When you consider about brands with “purpose,” which come to head?
Patagonia, probably. Possibly Lush, or Nike, or Starbucks.
The expression “brand purpose” will get bandied all-around a great deal in promoting circles, which will make perception. It’s shiny, it is attractive, and from the exterior it matches right in with our quickly-paced, socially informed society. Individuals progressively want transparency—we know that—and manufacturer purpose appears like the remedy. It is achingly close to the remedy.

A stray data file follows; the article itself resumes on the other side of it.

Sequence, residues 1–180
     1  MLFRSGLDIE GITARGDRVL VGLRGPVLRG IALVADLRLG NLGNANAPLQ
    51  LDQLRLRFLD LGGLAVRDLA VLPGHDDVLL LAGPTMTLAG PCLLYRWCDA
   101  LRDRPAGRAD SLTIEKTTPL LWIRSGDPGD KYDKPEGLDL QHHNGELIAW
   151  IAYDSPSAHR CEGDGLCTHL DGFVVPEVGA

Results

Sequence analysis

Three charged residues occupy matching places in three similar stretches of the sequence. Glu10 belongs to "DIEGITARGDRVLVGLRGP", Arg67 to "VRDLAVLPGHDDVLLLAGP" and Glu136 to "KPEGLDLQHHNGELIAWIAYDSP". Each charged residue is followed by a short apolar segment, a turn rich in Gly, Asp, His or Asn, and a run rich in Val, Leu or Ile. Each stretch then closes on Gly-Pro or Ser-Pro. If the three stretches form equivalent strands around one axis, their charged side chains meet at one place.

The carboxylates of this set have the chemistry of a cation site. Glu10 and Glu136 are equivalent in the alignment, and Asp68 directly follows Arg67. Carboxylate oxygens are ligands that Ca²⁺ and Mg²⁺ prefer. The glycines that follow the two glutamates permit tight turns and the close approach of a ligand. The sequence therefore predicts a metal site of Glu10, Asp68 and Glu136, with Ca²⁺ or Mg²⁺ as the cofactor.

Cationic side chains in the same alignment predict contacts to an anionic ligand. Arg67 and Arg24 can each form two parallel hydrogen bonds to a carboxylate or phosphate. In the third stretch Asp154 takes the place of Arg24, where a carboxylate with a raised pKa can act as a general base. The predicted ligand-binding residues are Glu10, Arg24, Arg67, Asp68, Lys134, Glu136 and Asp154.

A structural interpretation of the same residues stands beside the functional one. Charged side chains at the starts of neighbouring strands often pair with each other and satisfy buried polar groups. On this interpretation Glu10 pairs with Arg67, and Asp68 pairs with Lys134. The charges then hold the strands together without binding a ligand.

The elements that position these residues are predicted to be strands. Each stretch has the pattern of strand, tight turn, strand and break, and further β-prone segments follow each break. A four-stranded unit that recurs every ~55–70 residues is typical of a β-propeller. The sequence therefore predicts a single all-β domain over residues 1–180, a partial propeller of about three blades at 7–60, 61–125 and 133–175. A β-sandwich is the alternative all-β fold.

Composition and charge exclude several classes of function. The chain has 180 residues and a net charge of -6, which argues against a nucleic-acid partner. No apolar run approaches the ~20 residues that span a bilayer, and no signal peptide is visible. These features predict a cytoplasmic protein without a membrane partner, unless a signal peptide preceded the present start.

But the truth is, it is your business, not your brand that requires purpose.
That may possibly sound like splitting hairs, but there’s a very